Scott Peterson’s (aka scott34567) skills are now complete with these incredibly detailed, screen accurate Star Wars Lightsabers.
Each Lightsaber is 1:1.
Continue to his photo set and see his wide selection of lightsabers, some brick built and some CAD, but all expertly designed.
There are some structures you’d think just wouldn’t translate well into LEGO, and Superman’s frigid Fortress of Solitude, with its towering icicles seems like it’s one of those things. But then a talented individual, in this case Chris Melby, comes along and builds a jaw-dropping version in LEGO. This cathedral of ice is simply gorgeous. I particularly love that Chris laid it out in the shape of the iconic Superman diamond.
Alice isn’t the only SEALUG member bringing something epic to Emerald City Comicon this weekend in Seattle. David Frank (Frasland) is part of a big group of local builders collaborating on a large-scale Hobbiton. David’s section includes a field and two tiers of Hobbit holes.
I can’t wait to see this come together tomorrow! (And we’ll make sure someone takes great pictures to feature here later.)
Joe Klang (-derjoe-) has been busy building a city. Here’s a shot. It’s no secret I like realistic street scenes, so it’s no surprise I love this shot.
Patrick Bosman is building a city too:
On a whim, I picked up 41002 Emma’s Karate Class. I’m so very not disappointed. I already have a particular fondness for the Friends line to start out with, so this shouldn’t be a surprise.
Anyway, this is a brief review for what is a small set. Overall, I really like the parts selection. The models are pretty simple and nothing really spectacular.
I’m not sold on the model with the screen. I get that the colors are to fit the overall scheme, but it just doesn’t work for me. Again, though, the parts. That glass is printed with that design.
I’m far more fond of the stand with the sword and display items on it. The tree’s cute, too. There are plenty of extra pieces.
Beyond this set, I picked up the polybag sets Squirrel’s Tree House and Turtle’s Little Oasis as well. These are too adorable. I mean, look at them!
I’m far happier with the design of these little models. The parts are great (of course!) and the squirrel and turtle elicit squeals of glee for their cuteness.
All are currently available on both the LEGO Shop and Amazon.com. Definitely go for the squirrel and turtle, though, since they’re marked to retire soon and make way for the next wave of pets for Heartlake City.
While Tim may just be rediscovering him, Erik (Lemon_Boy) has been hard at work churning out a new series of builds in a tweepunk universe he’s calling “Awfulworld”.
Adorable tank with an adorable crew? Read the backstory:
Young conscripts were ideal for tank crewing, as pubescents’ junior volumes were wholly appropriate for the cramped, unaccommodating interiors of armored fighting machines. Thus, a solution was provided to the over-crowding of orphanages in the Kings’ bomb-ravaged cities; dutiful young men and women “graduated” from the orphanage halls and were drafted into the ranks of the mechanized corps.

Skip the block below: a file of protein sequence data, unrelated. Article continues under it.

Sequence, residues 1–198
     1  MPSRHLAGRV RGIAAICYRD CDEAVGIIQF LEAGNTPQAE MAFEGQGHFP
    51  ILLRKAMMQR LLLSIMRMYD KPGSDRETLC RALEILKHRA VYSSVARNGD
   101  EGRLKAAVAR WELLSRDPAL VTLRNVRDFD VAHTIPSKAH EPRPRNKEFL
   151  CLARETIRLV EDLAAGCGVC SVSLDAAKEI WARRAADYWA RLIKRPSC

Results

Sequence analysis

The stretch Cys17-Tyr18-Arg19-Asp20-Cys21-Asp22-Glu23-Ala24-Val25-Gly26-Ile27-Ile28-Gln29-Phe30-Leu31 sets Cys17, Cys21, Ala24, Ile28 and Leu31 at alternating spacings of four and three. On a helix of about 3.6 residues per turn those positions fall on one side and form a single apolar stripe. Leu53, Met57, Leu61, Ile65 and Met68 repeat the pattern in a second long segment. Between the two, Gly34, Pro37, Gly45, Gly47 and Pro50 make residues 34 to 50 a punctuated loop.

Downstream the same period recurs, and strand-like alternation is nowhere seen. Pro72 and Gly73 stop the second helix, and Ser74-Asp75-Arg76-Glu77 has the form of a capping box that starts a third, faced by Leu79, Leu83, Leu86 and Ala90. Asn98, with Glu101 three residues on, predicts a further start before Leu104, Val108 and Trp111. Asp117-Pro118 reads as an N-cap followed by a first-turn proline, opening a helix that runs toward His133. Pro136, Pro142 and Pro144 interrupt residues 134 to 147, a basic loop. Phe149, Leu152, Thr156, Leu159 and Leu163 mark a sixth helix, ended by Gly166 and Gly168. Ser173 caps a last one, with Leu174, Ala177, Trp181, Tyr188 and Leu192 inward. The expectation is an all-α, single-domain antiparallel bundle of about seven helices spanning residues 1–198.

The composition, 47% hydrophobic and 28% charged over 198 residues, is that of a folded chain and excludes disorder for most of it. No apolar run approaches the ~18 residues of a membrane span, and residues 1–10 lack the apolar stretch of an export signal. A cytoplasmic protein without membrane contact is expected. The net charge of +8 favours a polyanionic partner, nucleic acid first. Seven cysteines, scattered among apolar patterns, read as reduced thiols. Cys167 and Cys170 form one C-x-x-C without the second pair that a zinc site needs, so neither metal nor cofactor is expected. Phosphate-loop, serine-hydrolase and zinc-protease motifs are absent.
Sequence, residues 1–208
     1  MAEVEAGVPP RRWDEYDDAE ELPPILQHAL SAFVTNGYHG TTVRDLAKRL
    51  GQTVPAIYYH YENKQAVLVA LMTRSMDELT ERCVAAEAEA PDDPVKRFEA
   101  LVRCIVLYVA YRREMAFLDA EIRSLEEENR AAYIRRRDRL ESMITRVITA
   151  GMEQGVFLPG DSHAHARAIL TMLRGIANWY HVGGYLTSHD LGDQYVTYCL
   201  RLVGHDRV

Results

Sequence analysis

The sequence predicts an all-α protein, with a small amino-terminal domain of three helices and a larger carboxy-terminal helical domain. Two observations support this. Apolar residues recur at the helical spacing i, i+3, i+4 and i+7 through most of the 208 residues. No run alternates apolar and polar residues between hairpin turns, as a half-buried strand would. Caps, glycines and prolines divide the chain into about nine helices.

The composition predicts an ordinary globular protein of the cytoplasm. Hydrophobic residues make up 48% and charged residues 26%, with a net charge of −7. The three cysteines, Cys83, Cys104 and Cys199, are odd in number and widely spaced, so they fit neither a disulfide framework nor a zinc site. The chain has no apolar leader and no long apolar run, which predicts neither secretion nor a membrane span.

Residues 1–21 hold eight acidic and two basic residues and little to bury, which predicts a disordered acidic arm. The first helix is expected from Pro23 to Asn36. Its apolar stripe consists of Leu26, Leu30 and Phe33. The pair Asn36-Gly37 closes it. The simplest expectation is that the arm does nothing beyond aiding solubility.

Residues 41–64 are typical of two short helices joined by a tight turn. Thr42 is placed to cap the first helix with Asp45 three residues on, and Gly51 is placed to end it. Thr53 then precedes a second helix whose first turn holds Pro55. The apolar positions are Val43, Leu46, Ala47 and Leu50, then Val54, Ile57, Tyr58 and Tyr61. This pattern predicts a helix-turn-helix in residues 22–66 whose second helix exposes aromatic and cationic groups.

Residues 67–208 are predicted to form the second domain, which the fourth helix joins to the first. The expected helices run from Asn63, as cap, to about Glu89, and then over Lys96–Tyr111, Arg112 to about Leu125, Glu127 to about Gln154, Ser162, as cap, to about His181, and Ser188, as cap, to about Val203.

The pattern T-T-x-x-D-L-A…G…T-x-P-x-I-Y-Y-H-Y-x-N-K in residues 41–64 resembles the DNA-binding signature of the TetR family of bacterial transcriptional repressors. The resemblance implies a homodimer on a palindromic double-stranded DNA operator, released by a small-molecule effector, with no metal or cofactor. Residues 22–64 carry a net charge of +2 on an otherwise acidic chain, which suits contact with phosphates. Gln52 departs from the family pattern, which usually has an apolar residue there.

One such figure was Dominik Krotshad, who by the age of fourteen had become an accomplished tank ace during the Spice Wars. He was killed in action nineteen months later during the campaigns of the rogue Herzogstädte, one week before his birthday. He would have been sixteen years old.
There’s a lot of commentary built into Erik’s model and presentation, touching on LEGO fandom’s obsession with war (tanks in particular), the steampunk aesthetic, and the archetypal teen warrior prevalent in much of anime.
Erik has a lengthy write-up on twee affect about his build process, real-world inspiration, and LEGO influences. It’s less heartbreaking than his backstory, and well worth a read for those out there interested in how a LEGO builder approaches creativity.
Inspired by the models of TBB regular Mad physicist, Everblack puts his own spin on the famous F-15 Strike Eagle and the results are impressive to say the least.
We’ve been on something of a rover kick here lately, due in large part to the enormous outpouring of top-notch vehicles built for Febrovery. But our love of rovers extends past merely blogging about them, and so I had to squeak in here at the last second and build a rover of my own. So here’s my Space Maintenance Rover, a multi-purpose utilitarian truck outfitted with a lift-arm and long-range communications dish, and of course, a Space-thingy to sit beside it.
This post comes two months after Erik (Lemon_boy) first posted his Boyetz and eight days after he posted a trio of them. The lateness is, however, not my fault as flickr keeps dropping people from my contact list, including Erik. This robotic beast has fantastic character, and shows that you can leave studs exposed and still come up with a plausible design.
That is, if there’s lots of these cute little guys running about. Here’s a little model by Tyler Sky that’s basically nothing but a giant grey greeble, and yet it looks terrific and cohesive. It’s a Lunar Dust Dispersion Rover, or a street sweeper, as we terrestrials call them.